Who was Efrem Zimbalist, Senior?
The actor Efrem Zimbalist, Jr. died earlier this week a the age of 95. Those of us of a certain age remember him as the star of TV’s The FBI. Laid back, gravely voiced and dressed by Brooks Brothers, EZJr. reportedly inspired a generation of FBI operatives. Whether or not this was a good thing is for another blog. Your parents enjoyed him as the star of 77 Sunset Strip in the early 60s.
EZJr. was a bona fide movie star prior to his G-man remake. His was a long and distinguished career. His daughter Stephanie is an actress of some renown. Why discuss Efrem Zimbalist Jr., with all respect, on a classical music blog? Because of his parents.
Efrem Zimbalist, Sr. (1889-1995) was a world class violinist. His fame was second to Heifetz. Zimbalist made his debut in 1907, playing the Brahms concerto with the Berlin Philharmonic. His American debut was at Carnegie Hall in 1911, with Koussevitsky and the Boston Symphony . His later years were spet in Philadelphia, as Director of te Curtis Institute, wen not concertizing and recording all over the world. Zimbalist has a break out success with a 1927 tour of Australia. The aged Nellie Melba came out of retirement to appear with him. She reprimanded the public for poor attendance at his concerts, and the box office began to hum the next day.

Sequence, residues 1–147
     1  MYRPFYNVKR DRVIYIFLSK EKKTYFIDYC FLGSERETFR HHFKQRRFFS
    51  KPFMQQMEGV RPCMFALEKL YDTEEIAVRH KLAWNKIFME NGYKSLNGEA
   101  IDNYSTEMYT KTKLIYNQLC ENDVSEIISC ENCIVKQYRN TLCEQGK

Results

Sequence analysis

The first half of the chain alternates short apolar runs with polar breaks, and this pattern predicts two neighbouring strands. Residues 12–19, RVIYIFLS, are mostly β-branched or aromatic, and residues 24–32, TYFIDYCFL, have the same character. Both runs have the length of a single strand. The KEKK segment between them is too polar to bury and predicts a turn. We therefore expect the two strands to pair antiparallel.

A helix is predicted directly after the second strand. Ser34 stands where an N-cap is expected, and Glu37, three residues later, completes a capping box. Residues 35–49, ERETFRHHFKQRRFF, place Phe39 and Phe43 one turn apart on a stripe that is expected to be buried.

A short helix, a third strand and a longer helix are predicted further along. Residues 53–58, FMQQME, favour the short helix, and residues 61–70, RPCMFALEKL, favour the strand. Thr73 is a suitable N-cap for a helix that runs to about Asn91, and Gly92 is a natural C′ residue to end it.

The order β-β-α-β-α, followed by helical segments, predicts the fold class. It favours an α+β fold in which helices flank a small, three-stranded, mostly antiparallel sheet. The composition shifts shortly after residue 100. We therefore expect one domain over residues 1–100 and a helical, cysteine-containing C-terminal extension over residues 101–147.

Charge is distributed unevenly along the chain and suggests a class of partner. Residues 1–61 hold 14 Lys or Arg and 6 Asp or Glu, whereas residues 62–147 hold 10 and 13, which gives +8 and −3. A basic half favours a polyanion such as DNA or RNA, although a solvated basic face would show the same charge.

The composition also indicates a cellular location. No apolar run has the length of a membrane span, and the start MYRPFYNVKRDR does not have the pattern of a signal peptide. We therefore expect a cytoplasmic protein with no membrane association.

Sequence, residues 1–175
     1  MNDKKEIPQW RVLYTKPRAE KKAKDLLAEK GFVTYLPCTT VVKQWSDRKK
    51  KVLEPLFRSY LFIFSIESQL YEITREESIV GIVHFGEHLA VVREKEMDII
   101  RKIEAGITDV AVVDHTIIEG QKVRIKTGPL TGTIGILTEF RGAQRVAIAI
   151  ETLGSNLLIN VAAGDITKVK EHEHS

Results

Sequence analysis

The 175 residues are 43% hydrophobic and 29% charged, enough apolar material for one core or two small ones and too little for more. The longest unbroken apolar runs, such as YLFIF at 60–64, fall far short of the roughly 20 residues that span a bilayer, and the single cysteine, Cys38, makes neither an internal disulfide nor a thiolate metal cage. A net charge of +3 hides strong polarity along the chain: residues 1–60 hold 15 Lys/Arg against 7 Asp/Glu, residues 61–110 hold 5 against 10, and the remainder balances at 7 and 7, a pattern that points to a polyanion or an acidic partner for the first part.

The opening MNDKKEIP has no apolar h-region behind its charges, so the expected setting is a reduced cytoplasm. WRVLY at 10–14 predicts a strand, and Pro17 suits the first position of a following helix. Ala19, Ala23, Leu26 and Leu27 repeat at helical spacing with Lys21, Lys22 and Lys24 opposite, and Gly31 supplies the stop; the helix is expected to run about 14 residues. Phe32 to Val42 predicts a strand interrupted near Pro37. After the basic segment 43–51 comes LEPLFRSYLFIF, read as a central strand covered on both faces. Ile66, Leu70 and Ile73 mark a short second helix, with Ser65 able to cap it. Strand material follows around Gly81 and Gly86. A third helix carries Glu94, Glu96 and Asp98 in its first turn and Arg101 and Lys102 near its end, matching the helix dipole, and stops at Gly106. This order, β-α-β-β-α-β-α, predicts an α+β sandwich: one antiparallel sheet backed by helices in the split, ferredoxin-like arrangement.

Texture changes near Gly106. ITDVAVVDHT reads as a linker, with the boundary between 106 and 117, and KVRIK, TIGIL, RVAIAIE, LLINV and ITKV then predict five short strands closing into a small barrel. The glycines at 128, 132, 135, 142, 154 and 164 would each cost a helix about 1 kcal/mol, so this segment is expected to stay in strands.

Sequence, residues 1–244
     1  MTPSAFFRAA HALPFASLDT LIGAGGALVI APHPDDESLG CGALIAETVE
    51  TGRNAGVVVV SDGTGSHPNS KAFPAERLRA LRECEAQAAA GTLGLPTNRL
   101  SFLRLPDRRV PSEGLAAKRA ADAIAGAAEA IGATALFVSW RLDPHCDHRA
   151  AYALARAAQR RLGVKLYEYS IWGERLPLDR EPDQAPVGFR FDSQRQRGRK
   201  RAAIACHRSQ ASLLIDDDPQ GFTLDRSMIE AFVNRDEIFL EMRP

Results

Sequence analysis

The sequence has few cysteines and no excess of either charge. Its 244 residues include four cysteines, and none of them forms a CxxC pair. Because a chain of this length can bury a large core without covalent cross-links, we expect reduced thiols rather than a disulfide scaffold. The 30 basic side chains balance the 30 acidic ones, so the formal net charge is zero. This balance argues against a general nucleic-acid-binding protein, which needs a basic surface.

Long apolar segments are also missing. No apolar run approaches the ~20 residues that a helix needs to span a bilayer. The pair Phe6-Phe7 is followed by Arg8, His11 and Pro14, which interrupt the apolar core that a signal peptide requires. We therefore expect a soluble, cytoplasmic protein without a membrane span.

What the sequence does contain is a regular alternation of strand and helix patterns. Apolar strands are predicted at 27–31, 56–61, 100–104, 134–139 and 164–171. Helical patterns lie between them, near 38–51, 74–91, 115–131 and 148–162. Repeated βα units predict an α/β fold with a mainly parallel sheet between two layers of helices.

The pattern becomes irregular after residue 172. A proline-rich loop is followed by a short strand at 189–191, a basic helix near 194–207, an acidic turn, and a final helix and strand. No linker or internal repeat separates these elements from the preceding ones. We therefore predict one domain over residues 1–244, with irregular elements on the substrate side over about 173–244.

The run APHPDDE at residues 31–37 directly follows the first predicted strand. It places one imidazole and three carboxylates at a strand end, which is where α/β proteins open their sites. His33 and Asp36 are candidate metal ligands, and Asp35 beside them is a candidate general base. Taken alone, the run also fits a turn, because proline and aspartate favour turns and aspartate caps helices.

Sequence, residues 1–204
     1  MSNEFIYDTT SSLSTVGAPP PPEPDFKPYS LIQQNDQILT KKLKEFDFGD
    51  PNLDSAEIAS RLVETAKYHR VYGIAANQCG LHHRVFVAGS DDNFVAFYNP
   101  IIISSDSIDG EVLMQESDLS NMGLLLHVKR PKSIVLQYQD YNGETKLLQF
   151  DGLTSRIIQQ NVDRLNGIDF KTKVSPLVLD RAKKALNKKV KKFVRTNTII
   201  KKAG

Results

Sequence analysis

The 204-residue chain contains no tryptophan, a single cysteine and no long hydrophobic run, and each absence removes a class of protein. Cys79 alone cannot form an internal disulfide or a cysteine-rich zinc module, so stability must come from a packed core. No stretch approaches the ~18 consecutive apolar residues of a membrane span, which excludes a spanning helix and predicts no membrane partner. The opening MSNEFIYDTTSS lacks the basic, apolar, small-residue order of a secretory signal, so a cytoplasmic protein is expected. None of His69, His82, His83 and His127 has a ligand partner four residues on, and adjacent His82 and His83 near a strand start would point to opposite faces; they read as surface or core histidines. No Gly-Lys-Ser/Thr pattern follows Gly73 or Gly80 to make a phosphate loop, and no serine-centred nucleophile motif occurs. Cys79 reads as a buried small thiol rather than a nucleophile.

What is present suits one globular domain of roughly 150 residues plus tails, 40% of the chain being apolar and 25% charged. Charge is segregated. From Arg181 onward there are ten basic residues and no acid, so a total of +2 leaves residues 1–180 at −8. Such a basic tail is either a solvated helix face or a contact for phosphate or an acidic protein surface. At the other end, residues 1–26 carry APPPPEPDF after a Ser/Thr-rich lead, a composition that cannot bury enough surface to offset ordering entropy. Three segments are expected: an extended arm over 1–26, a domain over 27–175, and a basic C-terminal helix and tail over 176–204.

Zimbalist eventually married the very wealthy Mary Louse Curtis Bok. She financed the Curtis Institute. His cachet attracted the finest students. Curtis thrives to this day, and has always been tuition-free.
Efrem Zimbalist Sr.’s first wife was the soprano Alma Gluck. Born Reba Frierson in 1884, Alma Gluck had a nice career going as a soprano. When she began to make records for the Victor Talking Machine Company in 1908, something happened. She became a sensation. She left off a moderate opera career and spent the next twenty years in recitals and making records. Alma Gluck was the first person ever to sell one million records. The lucky disc was “Carry Me Back to Old Virginny”
She became an Episcopalian and recorded hymns, arias, art songs and popular favorites. Some of the titles don’t pass the PC test of recent years. But nothing dims her great success. Alma Gluck died young in 1938. Her daughter form her first marriage was the author Marcia Davenport.